Triptolide Induces Glioma Cell Autophagy and Apoptosis via Upregulating the ROS/JNK and Downregulating the Akt/mTOR Signaling Pathways.
ABSTRACT: Apoptosis and autophagy are the two prominent forms of developmental cell death, and researches have shown that crosstalk exists between these two processes. A prior study demonstrated that triptolide inhibited the proliferation of malignant glioma cells. However, whether apoptosis and autophagy participate in the inhibitory effect of triptolide in glioma cells has not been clarified. In the present study, we demonstrated that triptolide potently inhibited the growth of glioma cells by inducing cell cycle arrest at the G2/M phase. Additionally, the treatment with triptolide induced apoptosis and autophagy in various glioma cell lines. Triptolide-induced autophagy may have tumor-supporting effects. Autophagy and apoptosis could cross-inhibit each other in glioma cells treated with triptolide. Moreover, we found that triptolide induced ROS production and JNK activation and inhibited the activity of Akt and mTOR. Finally, we demonstrated that triptolide suppressed tumor growth in an orthotopic xenograft glioma model. Collectively, these data indicated that triptolide induced G2/M phase arrest, apoptosis, and autophagy via activating the ROS/JNK and blocking the Akt/mTOR signaling pathways in glioma cells. Triptolide may be a potential anti-tumor drug targeting gliomas.
Project description:<h4>Background</h4>Celastrol, a triterpene compound derived from the traditional Chinese medicine Tripterygium wilfordii, has been reported to possess potential antitumor activity towards various malignancies. However, the effect of celastrol on glioma cells and the underlying molecular mechanisms remain elusive.<h4>Methods</h4>Glioma cells, including the U251, U87-MG and C6 cell lines and an animal model were used. The effects of celastrol on cells were evaluated by flow cytometry, confocal microscopy, reactive oxygen species production assay and immunoblotting after treatment of celastrol. Fisher's exact test, a one-way ANOVA and the Mann-Whitney U-test were used to compare differences between groups. All data were analyzed using SPSS version 21.0 software.<h4>Results</h4>Here, we found that exposure to celastrol induced G2/M phase arrest and apoptosis. Celastrol increased the formation of autophagosomes, accumulation of LC3B and the expression of p62 protein. Celastrol-treated glioma cells exhibited decreased cell viability after the use of autophagy inhibitors. Additionally, autophagy and apoptosis caused by celastrol in glioma cells inhibited each other. Furthermore, celastrol induced JNK activation and ROS production and inhibited the activities of Akt and mTOR kinases. JNK and ROS inhibitors significantly attenuated celastrol-trigged apoptosis and autophagy, while Akt and mTOR inhibitors had opposite effects.<h4>Conclusions</h4>In conclusion, our study revealed that celastrol caused G2/M phase arrest and trigged apoptosis and autophagy by activating ROS/JNK signaling and blocking the Akt/mTOR signaling pathway.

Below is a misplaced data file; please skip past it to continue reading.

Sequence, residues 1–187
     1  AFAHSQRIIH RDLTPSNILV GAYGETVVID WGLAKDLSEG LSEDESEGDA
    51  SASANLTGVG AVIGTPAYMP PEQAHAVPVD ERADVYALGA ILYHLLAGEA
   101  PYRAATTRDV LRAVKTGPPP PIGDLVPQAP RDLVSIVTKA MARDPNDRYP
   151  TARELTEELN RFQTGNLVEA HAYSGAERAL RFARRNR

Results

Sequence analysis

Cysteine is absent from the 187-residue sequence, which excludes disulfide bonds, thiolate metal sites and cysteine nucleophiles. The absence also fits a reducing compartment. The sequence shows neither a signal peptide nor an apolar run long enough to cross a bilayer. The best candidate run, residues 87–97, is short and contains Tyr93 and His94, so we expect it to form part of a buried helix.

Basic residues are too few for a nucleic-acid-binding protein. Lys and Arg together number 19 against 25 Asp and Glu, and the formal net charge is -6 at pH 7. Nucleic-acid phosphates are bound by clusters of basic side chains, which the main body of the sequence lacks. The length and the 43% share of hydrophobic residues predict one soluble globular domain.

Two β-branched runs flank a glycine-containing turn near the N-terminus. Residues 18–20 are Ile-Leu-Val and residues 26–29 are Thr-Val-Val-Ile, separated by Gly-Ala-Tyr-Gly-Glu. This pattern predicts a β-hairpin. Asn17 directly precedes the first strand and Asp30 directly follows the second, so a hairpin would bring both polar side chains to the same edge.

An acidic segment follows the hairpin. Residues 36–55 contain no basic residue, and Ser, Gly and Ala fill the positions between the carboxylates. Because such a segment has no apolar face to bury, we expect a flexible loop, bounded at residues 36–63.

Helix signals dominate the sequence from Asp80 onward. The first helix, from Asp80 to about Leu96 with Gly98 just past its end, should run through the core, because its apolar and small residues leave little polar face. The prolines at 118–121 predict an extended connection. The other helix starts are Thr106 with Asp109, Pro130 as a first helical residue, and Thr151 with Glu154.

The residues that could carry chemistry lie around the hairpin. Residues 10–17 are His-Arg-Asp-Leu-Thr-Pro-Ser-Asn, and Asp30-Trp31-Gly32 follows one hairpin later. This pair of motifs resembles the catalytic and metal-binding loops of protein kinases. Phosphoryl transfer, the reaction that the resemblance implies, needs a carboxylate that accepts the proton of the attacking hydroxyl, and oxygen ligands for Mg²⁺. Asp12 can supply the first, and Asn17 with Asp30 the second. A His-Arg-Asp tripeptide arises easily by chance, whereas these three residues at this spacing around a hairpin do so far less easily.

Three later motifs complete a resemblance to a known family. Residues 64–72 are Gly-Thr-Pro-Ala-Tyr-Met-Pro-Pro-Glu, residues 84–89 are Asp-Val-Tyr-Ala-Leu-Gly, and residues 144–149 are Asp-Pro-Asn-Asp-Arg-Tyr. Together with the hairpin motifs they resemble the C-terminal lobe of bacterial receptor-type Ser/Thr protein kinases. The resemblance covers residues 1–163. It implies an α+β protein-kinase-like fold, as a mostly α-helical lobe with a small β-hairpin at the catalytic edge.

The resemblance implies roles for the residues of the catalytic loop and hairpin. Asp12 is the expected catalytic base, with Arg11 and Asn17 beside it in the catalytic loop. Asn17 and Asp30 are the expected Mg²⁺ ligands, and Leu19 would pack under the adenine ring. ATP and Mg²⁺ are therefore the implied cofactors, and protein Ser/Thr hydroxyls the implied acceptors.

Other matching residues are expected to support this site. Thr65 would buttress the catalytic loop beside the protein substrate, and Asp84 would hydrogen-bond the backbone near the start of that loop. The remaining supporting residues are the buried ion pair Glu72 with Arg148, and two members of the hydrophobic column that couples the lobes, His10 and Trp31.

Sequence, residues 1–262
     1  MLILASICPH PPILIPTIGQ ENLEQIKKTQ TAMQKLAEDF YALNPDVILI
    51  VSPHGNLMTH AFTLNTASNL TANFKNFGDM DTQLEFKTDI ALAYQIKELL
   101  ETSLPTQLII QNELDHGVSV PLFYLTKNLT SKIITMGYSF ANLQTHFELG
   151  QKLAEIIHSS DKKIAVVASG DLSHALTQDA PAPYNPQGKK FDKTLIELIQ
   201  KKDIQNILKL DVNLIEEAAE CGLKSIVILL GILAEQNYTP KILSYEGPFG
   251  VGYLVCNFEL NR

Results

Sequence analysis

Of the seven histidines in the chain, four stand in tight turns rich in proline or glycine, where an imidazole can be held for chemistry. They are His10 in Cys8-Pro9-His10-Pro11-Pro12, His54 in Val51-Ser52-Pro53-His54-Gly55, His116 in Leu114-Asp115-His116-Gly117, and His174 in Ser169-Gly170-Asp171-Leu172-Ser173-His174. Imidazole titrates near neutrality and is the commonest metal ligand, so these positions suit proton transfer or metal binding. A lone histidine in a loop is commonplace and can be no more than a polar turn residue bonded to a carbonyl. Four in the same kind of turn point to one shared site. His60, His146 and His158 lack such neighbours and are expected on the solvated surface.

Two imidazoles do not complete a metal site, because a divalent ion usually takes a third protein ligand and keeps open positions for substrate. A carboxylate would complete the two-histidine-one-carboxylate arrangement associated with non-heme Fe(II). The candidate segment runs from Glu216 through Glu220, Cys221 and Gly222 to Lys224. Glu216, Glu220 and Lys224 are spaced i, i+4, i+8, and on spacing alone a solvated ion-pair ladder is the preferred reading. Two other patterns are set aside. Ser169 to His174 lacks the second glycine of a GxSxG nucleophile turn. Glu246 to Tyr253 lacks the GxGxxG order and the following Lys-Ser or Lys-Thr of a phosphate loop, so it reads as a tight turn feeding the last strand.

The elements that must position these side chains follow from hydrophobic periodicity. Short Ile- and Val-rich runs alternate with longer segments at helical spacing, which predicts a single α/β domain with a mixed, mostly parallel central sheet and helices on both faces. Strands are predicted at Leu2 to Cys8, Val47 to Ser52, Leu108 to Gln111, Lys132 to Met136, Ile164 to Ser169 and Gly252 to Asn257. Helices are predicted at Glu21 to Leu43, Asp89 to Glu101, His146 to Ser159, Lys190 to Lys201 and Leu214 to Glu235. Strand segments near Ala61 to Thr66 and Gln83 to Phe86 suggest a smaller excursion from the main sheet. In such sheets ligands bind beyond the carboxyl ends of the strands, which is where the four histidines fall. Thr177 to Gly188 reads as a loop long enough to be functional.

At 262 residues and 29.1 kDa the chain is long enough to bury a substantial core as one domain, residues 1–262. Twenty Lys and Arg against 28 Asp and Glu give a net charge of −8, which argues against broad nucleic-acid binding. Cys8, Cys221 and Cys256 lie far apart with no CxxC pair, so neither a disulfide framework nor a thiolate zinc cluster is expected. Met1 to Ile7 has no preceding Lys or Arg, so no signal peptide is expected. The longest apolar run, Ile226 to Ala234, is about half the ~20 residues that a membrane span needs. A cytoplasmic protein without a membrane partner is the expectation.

Project description:Human bladder cancer is a common genitourinary malignant cancer worldwide. However, new therapeutic strategies are required to overcome its stagnated survival rate. Triterpene glycoside Actein (ACT), extracted from the herb black cohosh, suppresses the growth of human breast cancer cells. Our study attempted to explore the role of ACT in human bladder cancer cell growth and to reveal the underlying molecular mechanisms. We found that ACT significantly impeded the bladder cancer cell proliferation via induction of G2/M cycle arrest. Additionally, ACT administration triggered autophagy and apoptosis in bladder cancer cells, proved by the autophagosome formation, LC3B-II accumulation, improved cleavage of Caspases/poly (ADP-ribose) polymerase (PARP). Furthermore, reduction of reactive oxygen species (ROS) and p-c-Jun N-terminal kinase (JNK) could markedly reverse ACT-induced autophagy and apoptosis. In contrast, AKT and mammalian target of rapamycin (mTOR) were greatly de-phosphorylated by ACT, while suppressing AKT and mTOR activity could enhance the effects of ACT on apoptosis and autophagy induction. In vivo, ACT reduced the tumor growth with little toxicity. Taken together, our findings indicated that ACT suppressed cell proliferation, induced autophagy and apoptosis through promoting ROS/JNK activation, and blunting AKT pathway in human bladder cancer, which indicated that ACT might be an effective candidate against human bladder cancer in future.